Bil’s rating (out of 5): BB.5. USA, 2005. Dimension Films, Troublemaker Studios. Screenplay by Frank Miller, based on his graphic novels. Cinematography by Robert Rodriguez. Produced by Elizabeth Avellan. Music by John Debney, Graeme Revell, Robert Rodriguez. Production Design by Steve Joyner, Jeanette Scott. Costume Design by Nina Procter. Film Editing by Robert Rodriguez. Cannes Film Festival 2005.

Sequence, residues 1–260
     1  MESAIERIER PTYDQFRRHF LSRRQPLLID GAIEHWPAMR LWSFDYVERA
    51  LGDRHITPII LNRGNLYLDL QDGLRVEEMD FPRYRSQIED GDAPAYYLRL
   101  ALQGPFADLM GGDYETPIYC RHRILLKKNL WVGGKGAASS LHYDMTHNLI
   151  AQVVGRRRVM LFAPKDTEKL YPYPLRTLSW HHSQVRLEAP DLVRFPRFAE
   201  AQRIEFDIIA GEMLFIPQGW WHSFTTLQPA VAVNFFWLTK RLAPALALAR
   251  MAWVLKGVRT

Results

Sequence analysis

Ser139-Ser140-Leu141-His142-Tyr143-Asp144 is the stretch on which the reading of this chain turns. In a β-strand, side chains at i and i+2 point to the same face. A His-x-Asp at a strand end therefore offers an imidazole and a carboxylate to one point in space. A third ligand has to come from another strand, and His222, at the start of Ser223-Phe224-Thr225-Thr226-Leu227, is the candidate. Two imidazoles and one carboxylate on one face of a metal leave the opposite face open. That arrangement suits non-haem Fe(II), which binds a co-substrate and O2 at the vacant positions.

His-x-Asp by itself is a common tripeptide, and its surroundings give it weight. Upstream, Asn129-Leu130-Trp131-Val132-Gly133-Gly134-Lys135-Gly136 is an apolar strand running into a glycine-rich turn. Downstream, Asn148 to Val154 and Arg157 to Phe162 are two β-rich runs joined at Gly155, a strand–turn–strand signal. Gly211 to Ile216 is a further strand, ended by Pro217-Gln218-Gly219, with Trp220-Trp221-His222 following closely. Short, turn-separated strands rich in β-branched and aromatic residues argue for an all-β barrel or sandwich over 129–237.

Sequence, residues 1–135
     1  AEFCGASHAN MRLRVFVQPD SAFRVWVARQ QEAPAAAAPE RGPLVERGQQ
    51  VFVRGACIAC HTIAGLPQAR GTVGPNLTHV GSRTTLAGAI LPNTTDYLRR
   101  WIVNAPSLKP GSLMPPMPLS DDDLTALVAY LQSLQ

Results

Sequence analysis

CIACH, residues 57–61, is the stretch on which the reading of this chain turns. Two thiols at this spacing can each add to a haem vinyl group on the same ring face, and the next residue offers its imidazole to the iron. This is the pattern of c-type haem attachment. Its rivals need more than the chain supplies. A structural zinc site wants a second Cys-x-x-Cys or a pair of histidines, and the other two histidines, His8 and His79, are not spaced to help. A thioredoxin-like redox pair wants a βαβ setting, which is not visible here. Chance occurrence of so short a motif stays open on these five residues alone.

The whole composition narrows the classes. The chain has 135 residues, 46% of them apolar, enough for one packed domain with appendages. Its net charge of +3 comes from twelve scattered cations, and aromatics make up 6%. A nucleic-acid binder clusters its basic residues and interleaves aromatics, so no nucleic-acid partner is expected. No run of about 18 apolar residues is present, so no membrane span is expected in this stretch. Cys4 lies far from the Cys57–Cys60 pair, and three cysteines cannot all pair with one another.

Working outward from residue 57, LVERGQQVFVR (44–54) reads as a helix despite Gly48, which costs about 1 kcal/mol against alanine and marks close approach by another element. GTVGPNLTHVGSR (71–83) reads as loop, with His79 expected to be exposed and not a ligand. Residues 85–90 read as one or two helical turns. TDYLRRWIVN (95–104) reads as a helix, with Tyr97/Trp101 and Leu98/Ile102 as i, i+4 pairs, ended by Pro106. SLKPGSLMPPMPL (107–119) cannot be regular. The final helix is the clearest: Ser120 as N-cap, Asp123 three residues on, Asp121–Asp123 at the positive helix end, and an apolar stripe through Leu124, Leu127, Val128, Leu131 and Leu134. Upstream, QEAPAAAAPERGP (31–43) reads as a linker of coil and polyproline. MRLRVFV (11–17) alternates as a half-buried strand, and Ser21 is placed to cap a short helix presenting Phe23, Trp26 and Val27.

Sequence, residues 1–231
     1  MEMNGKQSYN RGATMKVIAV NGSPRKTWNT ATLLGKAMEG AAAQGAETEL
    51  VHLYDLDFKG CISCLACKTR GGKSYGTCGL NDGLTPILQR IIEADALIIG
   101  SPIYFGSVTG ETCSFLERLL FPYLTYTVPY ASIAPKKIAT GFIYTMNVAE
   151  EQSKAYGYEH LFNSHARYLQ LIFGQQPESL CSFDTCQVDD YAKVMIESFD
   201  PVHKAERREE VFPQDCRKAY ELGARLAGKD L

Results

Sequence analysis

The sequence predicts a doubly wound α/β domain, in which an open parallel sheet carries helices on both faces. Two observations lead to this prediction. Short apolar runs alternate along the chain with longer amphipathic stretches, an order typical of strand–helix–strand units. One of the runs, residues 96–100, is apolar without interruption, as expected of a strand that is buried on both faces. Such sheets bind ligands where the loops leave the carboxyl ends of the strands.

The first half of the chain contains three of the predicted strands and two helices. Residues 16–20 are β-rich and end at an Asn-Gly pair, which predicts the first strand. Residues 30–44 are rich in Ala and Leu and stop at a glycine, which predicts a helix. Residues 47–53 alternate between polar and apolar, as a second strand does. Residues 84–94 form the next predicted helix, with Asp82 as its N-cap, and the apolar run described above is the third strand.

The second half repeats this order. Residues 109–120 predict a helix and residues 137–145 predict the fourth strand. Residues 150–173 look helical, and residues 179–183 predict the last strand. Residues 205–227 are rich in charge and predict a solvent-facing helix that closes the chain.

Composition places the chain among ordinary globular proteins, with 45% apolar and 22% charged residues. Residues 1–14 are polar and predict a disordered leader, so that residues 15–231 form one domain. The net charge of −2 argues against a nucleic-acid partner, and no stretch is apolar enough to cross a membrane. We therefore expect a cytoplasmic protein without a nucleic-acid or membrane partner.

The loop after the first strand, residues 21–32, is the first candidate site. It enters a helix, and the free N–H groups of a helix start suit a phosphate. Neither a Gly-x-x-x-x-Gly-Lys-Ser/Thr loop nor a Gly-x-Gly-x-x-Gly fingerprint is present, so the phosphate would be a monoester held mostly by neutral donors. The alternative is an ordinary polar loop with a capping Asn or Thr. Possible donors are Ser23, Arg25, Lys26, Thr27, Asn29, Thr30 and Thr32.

“Walk down the right back alley in Sin City and you can find anything”, the saying goes. Everything, that is, unless you’re looking for women who aren’t badly dressed hookers or men who aren’t Dick Tracy-visaged monsters with no appetite for anything but gory violence. This loosely strung collection of stories adapted from the graphic novels by Frank Miller is a visually striking, gut-flinchingly dark modernization of classic detective noirs of the forties. Mickey Rourke (in heavy Hellboy prothesis) plays an ex-con out to avenge the death of a hooker with whom he shared a wonderful night. Clive Owen is an ex-photographer who is dating waitress Brittany Murphy and wants to protect her from her soulless stalker (Benicio Del Toro) by teaming up with a gang of hookers from Old Town led by the ruthless Rosario Dawson. Bruce Willis goes to jail for maiming a serial killer (Nick Stahl) who happens to have strong political connections, then breaks out of the clink to save the stripper (Jessica Alba) for whom he committed the deed in the first place. The stellar cast (Dawson being a definite standout) is a pleasure to watch, and the characters are strong and colourfully written, but the vicious brutality of the imagery, enhanced by stark black-and-white photography that employs the odd hue for emphasis, eventually becomes tiresome and overbearing. The film is barely an excuse for a lot of ridiculous violence and silly sexual exploitation, and even its being upfront and honest about that doesn’t make it any more enjoyable.